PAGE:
Dying winds and 1,200 soldiers flown in to bolster weary firefighters in Yellowstone National Park have helped slow the blaze that was threatening two Montana towns at the park's northeast end.
"The threat to Cooke City and Silver Gate is essentially over," Fire Operations Chief Steve Frye said Tuesday."With the break in the winds the last two days, firefighters have had an opportunity to make some significant headway" against the Yellowstone fires that have blackened at least 350,000 acres in Wyoming and Montana, Frye said in an interview on ABC-TV's "Good Morning America."
Although winds of up to 70 mph over the weekend have died down, Frye said the burning acreage in the northeast Clover-Mist section of the park had increased to 215,00 acres, a jump over the 157,000 acres reported burning over the weekend.
In Idaho, National Guardsmen were called out to help attack a 700-acre fire.
Cooler temperatures and relatively light winds Monday helped firefighters battle the 37,000-acre Warm Springs Creek forest fire, southeast of Helena, Mont.
The 2-week-old fire, which damaged 13 homes and threatened scores of others, was the U.S. Bureau of Land Management's No. 1 priority Monday, said Jack Wilson, the agency's top official at the Inter-Agency Fire Center in Boise, Idaho, which coordinates firefighting resources nationwide.
The blaze in the rugged Elkhorn Mountains was burning in only a few spots inside the firebreaks Monday evening. Crews had hoped to contain it by Tuesday night, but after viewing the fire Tuesday morning they pushed that deadline back to Wednesday night, said fire information officer Bob Krepps. A fire is contained when it is surrounded by a firebreak.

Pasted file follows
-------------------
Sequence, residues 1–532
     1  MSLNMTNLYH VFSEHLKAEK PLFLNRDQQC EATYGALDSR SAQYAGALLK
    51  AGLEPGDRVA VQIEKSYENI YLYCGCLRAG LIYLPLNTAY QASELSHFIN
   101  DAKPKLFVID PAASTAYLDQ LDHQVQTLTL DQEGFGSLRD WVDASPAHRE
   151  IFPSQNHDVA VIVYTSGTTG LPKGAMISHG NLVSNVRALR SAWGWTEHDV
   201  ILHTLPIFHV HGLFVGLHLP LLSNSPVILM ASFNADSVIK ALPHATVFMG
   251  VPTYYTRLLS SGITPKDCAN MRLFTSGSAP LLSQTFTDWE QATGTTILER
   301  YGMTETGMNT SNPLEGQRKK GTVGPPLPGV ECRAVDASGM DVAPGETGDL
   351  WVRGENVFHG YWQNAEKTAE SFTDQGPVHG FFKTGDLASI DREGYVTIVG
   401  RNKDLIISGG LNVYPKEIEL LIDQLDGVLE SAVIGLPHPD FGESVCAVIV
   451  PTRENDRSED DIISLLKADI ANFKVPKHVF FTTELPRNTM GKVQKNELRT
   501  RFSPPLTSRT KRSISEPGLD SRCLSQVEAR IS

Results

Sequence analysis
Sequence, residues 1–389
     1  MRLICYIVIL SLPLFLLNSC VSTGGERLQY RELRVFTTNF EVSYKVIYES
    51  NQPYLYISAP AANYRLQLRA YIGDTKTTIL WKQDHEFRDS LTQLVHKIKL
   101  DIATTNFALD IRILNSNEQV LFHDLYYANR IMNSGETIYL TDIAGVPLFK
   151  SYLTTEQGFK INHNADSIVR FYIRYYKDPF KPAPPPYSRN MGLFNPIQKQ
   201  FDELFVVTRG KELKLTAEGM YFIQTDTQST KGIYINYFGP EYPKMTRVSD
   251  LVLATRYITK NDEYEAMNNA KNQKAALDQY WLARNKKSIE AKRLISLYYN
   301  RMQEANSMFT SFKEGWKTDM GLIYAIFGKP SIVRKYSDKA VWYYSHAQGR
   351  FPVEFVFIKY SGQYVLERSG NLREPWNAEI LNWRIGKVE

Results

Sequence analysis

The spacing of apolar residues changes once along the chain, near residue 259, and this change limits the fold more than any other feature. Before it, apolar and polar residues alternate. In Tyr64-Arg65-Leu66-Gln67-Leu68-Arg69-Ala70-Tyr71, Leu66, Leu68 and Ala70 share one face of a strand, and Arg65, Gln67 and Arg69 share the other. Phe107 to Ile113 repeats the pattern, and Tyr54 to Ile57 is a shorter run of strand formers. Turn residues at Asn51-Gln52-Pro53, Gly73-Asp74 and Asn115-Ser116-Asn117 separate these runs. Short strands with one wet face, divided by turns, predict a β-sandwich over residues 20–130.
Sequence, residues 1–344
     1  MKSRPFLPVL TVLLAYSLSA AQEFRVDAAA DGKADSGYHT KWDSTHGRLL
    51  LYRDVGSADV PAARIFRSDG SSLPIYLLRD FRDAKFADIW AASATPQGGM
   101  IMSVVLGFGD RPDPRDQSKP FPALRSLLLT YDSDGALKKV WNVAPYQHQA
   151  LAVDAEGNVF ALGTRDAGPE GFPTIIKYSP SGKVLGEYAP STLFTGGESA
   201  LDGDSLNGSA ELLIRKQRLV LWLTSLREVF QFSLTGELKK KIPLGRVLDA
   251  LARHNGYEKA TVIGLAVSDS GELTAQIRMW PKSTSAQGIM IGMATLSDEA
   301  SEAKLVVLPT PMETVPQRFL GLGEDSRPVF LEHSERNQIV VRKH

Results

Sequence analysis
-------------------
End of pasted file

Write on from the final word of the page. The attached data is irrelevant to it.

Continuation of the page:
Some of the 2,900 firefighters still might be sent home Tuesday, he said, while those remaining would finish establishing the firebreak and dousing hot spots that could flare if winds kicked up.
The infantrymen at Yellowstone, who arrived Monday from Fort Lewis, Wash., would work to keep the fires from spreading into commercial areas of the Shoshone National Forest and into Montana's Custer National Forest, said park spokeswoman Joan Anzelmo.
"At this point, having fresh help and able-bodied help is very important," park spokeswoman Joan Anzelmo said.
"Things are generally quiet, which is a good sign," she said. "But the forecast is calling for warmer temperatures, drier conditions and a potential for higher winds."
Despite help from the weather, Yellowstone's south entrance remained closed Monday, forcing visitors to travel about 150 miles to the west entrance. Three other entrances also remained open, officials said.
Several spots near the southern entrance were closed, including the Grant Village area, which contains a hotel, campground, visitor center and park staff facilities; and the Norris, Madison and Lewis Lake campgrounds.
The Pebble Creek campground, on the northern edge, also was closed.
In western Yellowstone, flames from the 91,700-acre North Fork fire destroyed 10 power lines on Sunday, and crews spent Monday wrapping power lines with protective material, removing excess fuels and hosing down buildings around Norris.
In southeast Montana, flame retardant was dropped by air to keep a fire in Kirby from burning a ranch home 6 miles south of Birney, said Don Kendall of the Department of State Lands.
Meanwhile, officials at Yellowstone National Park said fires there posed no immediate threat to residents of Cooke City and Silver Gate.
The two southern Montana towns are on the northeast border of the park and just south of the Absaroka-Beartooth Wilderness.